men, colored women. ♪ my skin is black >> i knew i was black. hayed to tell the story. we have to tell the story so we can be inspired. >> there were all these barriers and, you know, glass ceilings and wooden and iron doors to get through. you can't get caught up in the madness of hate and anger. you won't get there. the create irv spirit has to live in place of joy and light. not darkness. >> think about the fact i get to be a writer born from a lineage of people who were not supposed to read. like how could i not with overcome with joy and overcome with the pride. >> it was illegal for us to read and write in this country for quite a while, for centuries, in fact, and punishable by death and far worse, and so we had to
be creative and figure out ways to communicate and survive and if you're lucky, thrive, and have moments of, you know, fleeting joy and pleasure and expression. >> it's part of the tradition coming all the way back from after arric africa. >> with the storytelling, the civil rights movement would have been like a bird without wings. >> we understood it because we were seeing black men lynched and hung from trees and people hosed down like dogs. that violence was coming from the authority. that was terrorism. the civil rights movement was powerful and it made you feel empower thad you stood up and that you weren't afraid. >> i think what the stories actually do is fortify that which is the culture. the more stories that we have
about us, the more that we share them with ourselves and with the world at large. i believe the more emboldened we are as a people. >> we've been doing this for hundreds of years, you know, so this is using kind of like the new accessnibility, we keep telling the stories we've been telling. >> it's important for me to find ways to allow others the opportunity to discover the humanity and the necessity sadly for full citizenship for black and brown folks in this country, and a tool i can utilize to do that is storytelling. >> my coming to writing was both an act of resistance because how dare me not be on the page and a desire to not have my experience of spending many years not seeing myself on the page just
happened to another young person. >> i grew up with "spider-man," "batman," and find something you identify with and it required more imagination. whereas like, you know, when i have kids, they'll always have "black panther." that's a radical position. they'll always have a hero that looks like them. they won't have to reach. >> when i look back to that moment of saying i'm black and i'm proud and thinking, of course, i am, you know, of course this is the truth, i've known i wanted to be a writer all my life, but it really informed what i was going to write and how i was going to write it without apology. i mean i was going to write without apology about being unapologetically black. >> unapologetically black. i think it's so important to know your history and tell your story. i think that's why it's great we did that. i wish black history month was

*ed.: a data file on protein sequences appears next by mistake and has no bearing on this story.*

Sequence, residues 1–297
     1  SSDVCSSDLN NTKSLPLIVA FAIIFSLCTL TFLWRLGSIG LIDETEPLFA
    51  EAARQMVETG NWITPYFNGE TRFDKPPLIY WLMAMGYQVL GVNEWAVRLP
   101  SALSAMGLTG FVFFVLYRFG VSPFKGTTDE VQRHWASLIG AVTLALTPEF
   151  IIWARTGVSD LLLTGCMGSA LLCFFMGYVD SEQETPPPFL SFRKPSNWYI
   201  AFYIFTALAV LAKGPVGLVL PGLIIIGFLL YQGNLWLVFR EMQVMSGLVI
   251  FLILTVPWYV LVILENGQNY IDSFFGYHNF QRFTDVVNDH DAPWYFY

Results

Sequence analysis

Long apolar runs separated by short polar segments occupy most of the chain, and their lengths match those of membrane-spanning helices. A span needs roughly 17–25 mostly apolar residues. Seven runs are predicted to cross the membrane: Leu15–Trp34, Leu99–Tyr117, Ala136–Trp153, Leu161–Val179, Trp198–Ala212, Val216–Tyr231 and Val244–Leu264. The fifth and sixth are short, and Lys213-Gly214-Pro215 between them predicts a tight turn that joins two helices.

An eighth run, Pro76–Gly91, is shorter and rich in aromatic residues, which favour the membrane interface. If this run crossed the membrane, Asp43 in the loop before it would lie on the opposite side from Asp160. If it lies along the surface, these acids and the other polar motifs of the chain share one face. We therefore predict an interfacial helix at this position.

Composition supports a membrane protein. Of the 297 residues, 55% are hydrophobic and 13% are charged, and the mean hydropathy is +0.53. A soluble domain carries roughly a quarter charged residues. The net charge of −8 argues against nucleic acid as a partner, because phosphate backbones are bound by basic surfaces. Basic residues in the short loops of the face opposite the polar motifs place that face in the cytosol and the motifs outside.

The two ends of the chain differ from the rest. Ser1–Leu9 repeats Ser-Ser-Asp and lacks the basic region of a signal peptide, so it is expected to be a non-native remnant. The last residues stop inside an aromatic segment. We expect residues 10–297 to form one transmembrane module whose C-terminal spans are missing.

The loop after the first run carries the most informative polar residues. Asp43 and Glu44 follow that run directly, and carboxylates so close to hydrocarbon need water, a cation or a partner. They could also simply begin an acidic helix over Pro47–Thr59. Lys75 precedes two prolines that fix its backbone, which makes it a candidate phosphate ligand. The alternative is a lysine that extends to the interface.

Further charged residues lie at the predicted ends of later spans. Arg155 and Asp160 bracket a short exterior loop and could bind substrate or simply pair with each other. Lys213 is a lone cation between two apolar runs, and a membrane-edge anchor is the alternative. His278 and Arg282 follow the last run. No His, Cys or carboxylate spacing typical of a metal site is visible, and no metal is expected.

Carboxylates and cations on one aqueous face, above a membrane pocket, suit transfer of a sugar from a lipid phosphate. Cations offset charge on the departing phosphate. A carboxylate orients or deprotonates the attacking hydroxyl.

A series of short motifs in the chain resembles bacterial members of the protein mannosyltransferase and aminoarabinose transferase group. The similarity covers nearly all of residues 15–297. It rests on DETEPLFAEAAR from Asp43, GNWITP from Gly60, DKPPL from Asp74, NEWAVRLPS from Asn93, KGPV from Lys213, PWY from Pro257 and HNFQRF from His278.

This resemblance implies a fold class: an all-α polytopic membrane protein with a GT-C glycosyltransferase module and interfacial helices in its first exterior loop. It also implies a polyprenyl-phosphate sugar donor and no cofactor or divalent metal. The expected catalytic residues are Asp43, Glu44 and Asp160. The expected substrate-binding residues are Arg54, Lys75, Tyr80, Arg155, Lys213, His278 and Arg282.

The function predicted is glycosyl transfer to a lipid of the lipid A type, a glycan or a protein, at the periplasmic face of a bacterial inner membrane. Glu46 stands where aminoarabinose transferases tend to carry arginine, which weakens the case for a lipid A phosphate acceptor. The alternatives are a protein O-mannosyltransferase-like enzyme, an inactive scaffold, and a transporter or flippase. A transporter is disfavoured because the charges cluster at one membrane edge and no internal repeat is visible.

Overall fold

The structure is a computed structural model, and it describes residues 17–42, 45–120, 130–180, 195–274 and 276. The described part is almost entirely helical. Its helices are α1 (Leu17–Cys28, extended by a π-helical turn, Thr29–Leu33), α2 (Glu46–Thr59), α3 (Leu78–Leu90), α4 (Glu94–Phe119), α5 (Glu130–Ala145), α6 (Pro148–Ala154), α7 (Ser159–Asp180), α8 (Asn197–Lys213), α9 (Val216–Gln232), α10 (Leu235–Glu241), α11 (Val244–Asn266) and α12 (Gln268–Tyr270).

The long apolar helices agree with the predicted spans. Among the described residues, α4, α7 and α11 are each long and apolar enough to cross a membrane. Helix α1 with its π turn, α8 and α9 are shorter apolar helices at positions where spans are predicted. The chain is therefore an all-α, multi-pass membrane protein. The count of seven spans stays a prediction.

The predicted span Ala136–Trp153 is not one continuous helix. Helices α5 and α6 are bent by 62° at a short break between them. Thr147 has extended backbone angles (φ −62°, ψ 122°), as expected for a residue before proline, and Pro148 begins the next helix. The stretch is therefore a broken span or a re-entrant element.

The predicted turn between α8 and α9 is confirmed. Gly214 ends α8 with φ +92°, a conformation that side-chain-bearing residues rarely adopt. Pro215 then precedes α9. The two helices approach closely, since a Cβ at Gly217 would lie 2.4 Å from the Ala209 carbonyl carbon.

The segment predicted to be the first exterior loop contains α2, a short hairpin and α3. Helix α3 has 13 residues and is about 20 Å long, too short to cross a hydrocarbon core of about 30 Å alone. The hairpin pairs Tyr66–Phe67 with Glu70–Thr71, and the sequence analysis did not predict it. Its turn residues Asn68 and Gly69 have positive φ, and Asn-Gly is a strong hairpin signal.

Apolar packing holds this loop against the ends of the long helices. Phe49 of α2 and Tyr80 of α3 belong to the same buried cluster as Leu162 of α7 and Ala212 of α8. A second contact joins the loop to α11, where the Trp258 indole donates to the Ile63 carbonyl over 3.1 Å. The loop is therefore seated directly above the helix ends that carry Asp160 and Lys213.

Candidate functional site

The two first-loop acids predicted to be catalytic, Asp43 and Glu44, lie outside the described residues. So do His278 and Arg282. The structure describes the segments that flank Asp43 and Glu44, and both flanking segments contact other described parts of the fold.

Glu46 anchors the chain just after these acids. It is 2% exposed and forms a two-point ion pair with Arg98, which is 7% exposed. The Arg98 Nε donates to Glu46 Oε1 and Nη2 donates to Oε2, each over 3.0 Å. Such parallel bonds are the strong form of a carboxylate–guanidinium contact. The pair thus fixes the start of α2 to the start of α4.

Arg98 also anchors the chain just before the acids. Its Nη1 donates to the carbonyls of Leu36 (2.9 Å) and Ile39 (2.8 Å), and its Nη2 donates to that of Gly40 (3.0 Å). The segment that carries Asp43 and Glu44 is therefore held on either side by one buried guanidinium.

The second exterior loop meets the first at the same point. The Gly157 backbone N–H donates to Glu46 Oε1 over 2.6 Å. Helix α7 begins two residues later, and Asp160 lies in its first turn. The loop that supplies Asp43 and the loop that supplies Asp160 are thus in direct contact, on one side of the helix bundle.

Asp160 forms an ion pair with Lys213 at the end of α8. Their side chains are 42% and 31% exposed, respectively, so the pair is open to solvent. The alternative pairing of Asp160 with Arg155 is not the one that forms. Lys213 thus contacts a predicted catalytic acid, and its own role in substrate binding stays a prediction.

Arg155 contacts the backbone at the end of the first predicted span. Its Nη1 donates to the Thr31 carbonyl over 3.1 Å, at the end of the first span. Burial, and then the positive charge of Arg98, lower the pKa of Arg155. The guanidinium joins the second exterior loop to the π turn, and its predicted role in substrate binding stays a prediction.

all year long instead of one month, the shortest month, 289 days, that it was in corporated all through the year, that it became a thing that was incorporated through daily lives. >> because it's the fundamental experience. >> that's right, alex. >> there was a systematic effort to smash story, denight people their roots because without roots there's no connection and you can be split up as families and stories are the key to regaining identity. >> that's why it's so important to see stories that look like you. that's why "black panther" is so huge. we can look forward to "black panther" number 32. >> yes. i'll be tickets to all the sequels, gayle. >> that's very important conversation. that was great. for more follow us on cbs on twitter and facebook. you can give us your own stories using the hashta